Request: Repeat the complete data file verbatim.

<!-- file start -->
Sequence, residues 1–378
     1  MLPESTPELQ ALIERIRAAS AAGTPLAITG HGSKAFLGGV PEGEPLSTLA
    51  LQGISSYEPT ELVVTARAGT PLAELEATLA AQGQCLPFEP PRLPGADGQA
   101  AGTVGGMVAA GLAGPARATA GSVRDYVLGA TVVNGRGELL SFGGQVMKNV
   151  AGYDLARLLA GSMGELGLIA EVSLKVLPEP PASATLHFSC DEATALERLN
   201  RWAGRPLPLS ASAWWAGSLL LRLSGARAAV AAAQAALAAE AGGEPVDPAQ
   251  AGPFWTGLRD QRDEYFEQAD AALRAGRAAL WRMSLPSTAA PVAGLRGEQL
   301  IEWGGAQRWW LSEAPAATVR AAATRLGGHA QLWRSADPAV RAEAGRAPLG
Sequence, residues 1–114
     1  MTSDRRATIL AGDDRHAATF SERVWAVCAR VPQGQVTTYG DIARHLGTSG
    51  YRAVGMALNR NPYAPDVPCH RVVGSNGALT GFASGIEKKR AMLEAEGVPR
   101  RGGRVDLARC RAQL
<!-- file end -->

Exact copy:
Sequence, residues 1–378
     1  MLPESTPELQ ALIERIRAAS AAGTPLAITG HGSKAFLGGV PEGEPLSTLA
    51  LQGISSYEPT ELVVTARAGT PLAELEATLA AQGQCLPFEP PRLPGADGQA
   101  AGTVGGMVAA GLAGPARATA GSVRDYVLGA TVVNGRGELL SFGGQVMKNV
   151  AGYDLARLLA GSMGELGLIA EVSLKVLPEP PASATLHFSC DEATALERLN
   201  RWAGRPLPLS ASAWWAGSLL LRLSGARAAV AAAQAALAAE AGGEPVDPAQ
   251  AGPFWTGLRD QRDEYFEQAD AALRAGRAAL WRMSLPSTAA PVAGLRGEQL
   301  IEWGGAQRWW LSEAPAATVR AAATRLGGHA QLWRSADPAV RAEAGRAPLG
Sequence, residues 1–114
     1  MTSDRRATIL AGDDRHAATF SERVWAVCAR VPQGQVTTYG DIARHLGTSG
    51  YRAVGMALNR NPYAPDVPCH RVVGSNGALT GFASGIEKKR AMLEAEGVPR
   101  RGGRVDLARC RAQL